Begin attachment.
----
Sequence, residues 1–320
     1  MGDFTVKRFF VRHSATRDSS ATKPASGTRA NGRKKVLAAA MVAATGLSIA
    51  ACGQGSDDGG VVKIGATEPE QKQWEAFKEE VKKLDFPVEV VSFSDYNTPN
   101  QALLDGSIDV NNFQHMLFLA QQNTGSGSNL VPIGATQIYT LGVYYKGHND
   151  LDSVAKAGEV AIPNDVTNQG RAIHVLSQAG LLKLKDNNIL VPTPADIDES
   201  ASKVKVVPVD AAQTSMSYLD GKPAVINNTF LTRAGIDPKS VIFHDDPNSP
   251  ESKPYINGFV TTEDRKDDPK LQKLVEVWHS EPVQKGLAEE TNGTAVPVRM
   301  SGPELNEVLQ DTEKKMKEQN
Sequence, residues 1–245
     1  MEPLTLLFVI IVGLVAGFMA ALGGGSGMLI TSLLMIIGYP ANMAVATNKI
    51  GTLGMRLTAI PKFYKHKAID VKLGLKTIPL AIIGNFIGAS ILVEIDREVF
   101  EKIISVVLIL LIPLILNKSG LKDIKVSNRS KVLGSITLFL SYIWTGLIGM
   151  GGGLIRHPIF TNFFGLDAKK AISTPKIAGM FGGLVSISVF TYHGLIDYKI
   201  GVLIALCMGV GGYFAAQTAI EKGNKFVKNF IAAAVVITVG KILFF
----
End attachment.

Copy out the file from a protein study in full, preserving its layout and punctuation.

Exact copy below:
Sequence, residues 1–320
     1  MGDFTVKRFF VRHSATRDSS ATKPASGTRA NGRKKVLAAA MVAATGLSIA
    51  ACGQGSDDGG VVKIGATEPE QKQWEAFKEE VKKLDFPVEV VSFSDYNTPN
   101  QALLDGSIDV NNFQHMLFLA QQNTGSGSNL VPIGATQIYT LGVYYKGHND
   151  LDSVAKAGEV AIPNDVTNQG RAIHVLSQAG LLKLKDNNIL VPTPADIDES
   201  ASKVKVVPVD AAQTSMSYLD GKPAVINNTF LTRAGIDPKS VIFHDDPNSP
   251  ESKPYINGFV TTEDRKDDPK LQKLVEVWHS EPVQKGLAEE TNGTAVPVRM
   301  SGPELNEVLQ DTEKKMKEQN
Sequence, residues 1–245
     1  MEPLTLLFVI IVGLVAGFMA ALGGGSGMLI TSLLMIIGYP ANMAVATNKI
    51  GTLGMRLTAI PKFYKHKAID VKLGLKTIPL AIIGNFIGAS ILVEIDREVF
   101  EKIISVVLIL LIPLILNKSG LKDIKVSNRS KVLGSITLFL SYIWTGLIGM
   151  GGGLIRHPIF TNFFGLDAKK AISTPKIAGM FGGLVSISVF TYHGLIDYKI
   201  GVLIALCMGV GGYFAAQTAI EKGNKFVKNF IAAAVVITVG KILFF